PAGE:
Socialization Training — 02 January 2013
Help Your Dog Get Sociable In 2013!

There’s a reason why there are so many dog parks, classes and puppy play date services designed to let your dog to socialize with other dogs. Simply put, a social dog is a happy, well-behaved dog. It’s true. Rover needs canine contact every bit as much as he needs human contact. It’s not hard to understand the psychology if we just flip it around on ourselves: we love being with our pets but we need to interact with people, too.

There are a variety of options out there but it is important to be sensitive to the needs of your pooch. Older dogs have different social needs than puppies and will deal with social situations differently.

Puppy Play Time

An important element to training your pup is socializing him. While most responsible breeders and pet rescues will not let a puppy go to a home where it will not be adequately socialized, it is important to be sure that he’s given regular and meaningful interaction with other puppies for the first twelve weeks of life at a minimum.

Ever known a dog that bit and snapped for no reason, one who always seems afraid or confrontational? It’s likely that dog was not properly socialized as a puppy and no one is helping him be around other dogs now.

Beginning with his siblings and transitioning to less familiar puppies will help yours to develop lasting positive behaviors both with other dogs and with you.

Socializing your Adult Dog

Unlike puppies, adult dogs need more structure to their socialization. While it may be reasonable and effective to let puppies chase each-other around the dog park, the same scenario with older dogs could be a recipe for disaster.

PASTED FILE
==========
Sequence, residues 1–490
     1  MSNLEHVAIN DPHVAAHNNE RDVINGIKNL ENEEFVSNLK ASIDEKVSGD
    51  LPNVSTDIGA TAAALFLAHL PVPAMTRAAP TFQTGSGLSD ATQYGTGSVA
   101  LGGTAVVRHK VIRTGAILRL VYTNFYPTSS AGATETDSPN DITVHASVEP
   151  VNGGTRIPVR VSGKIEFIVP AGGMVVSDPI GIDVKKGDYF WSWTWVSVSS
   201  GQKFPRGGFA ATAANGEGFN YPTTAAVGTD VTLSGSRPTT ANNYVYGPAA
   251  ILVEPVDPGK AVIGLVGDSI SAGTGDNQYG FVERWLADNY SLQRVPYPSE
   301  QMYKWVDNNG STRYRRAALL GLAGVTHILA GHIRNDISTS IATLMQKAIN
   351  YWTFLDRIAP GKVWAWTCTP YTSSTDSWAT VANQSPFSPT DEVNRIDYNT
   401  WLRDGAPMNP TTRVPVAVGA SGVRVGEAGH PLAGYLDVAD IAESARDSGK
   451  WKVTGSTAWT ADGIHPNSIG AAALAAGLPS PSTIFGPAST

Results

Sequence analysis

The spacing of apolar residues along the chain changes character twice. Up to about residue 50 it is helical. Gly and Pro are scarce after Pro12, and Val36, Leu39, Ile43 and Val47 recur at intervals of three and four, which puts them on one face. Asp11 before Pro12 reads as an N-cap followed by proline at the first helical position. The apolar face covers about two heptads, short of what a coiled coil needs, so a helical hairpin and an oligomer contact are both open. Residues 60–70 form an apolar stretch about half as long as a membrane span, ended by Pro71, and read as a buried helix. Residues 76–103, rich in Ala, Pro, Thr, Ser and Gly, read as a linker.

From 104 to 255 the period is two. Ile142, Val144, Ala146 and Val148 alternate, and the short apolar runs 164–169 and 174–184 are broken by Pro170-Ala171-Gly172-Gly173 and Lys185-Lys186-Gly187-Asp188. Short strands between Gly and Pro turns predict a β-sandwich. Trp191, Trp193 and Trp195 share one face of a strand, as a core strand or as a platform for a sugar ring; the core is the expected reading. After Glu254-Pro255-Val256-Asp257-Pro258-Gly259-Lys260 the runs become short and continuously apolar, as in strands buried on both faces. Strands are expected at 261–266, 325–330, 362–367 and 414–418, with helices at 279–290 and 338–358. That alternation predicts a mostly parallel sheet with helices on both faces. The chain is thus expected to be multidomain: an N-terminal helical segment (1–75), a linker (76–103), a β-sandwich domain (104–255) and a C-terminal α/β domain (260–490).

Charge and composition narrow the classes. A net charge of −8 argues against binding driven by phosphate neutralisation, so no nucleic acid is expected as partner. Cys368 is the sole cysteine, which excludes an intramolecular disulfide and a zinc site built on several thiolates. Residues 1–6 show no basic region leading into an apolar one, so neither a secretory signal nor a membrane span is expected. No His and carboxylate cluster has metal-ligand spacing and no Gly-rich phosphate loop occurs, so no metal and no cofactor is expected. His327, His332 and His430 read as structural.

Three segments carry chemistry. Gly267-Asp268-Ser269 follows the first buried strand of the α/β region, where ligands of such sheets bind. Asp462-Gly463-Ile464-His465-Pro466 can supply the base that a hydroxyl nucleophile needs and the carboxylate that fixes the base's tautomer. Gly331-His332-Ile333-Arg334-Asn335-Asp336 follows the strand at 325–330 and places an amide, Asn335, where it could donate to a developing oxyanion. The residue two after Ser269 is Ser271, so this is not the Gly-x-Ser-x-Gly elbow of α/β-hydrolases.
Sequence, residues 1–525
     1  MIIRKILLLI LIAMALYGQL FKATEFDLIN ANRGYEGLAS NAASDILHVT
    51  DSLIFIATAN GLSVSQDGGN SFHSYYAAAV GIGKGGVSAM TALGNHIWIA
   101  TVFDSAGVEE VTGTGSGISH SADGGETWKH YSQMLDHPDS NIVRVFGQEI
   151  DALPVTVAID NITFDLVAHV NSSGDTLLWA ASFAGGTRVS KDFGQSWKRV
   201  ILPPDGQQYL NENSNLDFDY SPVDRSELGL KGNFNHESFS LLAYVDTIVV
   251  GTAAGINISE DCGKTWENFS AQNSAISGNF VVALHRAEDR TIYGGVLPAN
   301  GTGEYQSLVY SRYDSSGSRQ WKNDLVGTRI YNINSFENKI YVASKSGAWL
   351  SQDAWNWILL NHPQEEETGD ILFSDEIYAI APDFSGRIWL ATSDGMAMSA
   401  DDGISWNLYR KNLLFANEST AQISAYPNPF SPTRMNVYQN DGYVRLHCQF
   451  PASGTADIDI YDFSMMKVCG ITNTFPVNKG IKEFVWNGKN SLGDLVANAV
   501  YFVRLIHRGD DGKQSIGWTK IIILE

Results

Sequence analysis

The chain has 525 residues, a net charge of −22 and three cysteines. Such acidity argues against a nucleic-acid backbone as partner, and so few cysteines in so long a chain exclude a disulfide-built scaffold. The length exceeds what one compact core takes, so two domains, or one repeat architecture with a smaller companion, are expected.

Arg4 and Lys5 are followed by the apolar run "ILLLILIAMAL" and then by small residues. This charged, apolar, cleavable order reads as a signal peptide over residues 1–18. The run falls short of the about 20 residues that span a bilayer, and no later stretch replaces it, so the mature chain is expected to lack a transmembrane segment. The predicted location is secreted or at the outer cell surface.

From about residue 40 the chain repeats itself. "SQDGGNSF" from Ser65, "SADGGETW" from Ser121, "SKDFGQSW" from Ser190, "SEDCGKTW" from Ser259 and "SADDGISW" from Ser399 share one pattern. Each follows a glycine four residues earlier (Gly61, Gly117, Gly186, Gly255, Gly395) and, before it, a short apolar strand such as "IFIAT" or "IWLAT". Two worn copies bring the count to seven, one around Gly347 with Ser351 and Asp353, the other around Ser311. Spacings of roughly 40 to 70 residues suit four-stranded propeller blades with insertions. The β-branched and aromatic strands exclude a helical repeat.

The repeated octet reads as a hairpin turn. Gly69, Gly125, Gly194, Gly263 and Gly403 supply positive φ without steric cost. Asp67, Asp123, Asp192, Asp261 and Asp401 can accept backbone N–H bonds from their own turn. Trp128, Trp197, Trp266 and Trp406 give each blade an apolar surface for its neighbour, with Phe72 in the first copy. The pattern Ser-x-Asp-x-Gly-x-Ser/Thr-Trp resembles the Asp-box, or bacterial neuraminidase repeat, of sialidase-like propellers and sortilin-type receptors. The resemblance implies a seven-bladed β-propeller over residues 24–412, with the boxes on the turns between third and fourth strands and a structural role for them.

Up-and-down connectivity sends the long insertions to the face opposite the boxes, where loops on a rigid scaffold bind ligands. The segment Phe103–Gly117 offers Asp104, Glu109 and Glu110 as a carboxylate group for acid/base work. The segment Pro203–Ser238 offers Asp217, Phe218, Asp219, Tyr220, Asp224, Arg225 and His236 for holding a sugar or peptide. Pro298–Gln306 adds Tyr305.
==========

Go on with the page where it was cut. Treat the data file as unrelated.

Older dogs need to learn more passive interactive behaviors. They need to learn to sit quietly when other dogs pass by. They need to learn to go on walks in tandem with other dogs and their owners without pulling, barking or antagonizing the other dogs. They need to learn how to approach other dogs and detect differences in temperaments.

A good place to start is to find a friend or relative with a calm, easy-going pooch and take Rover on a walk with him. It helps him get used to being around another dog and he will learn from example by how the other dog behaves. Carry small treats to reinforce good behavior and give them liberally when he behaves as you want and expect.

Finally, never force interaction with other dogs. Rover doesn’t need to greet every dog he sees or even react to them. The company of other dogs is more important than interaction. If you have your heart set on doggie play dates and the like, start by encouraging interaction with just one other dog, then ramp up from there. Encourage Rover to interact harmoniously with other dogs in a variety of social settings and he will be happier, better-behaved and more calm overall.

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Great Pet Health

The Great Pet is dedicated to health and safety for all of our animal companions--in addition to celebrating their safety, their overall adorableness, and the occasional brilliant clumsiness.

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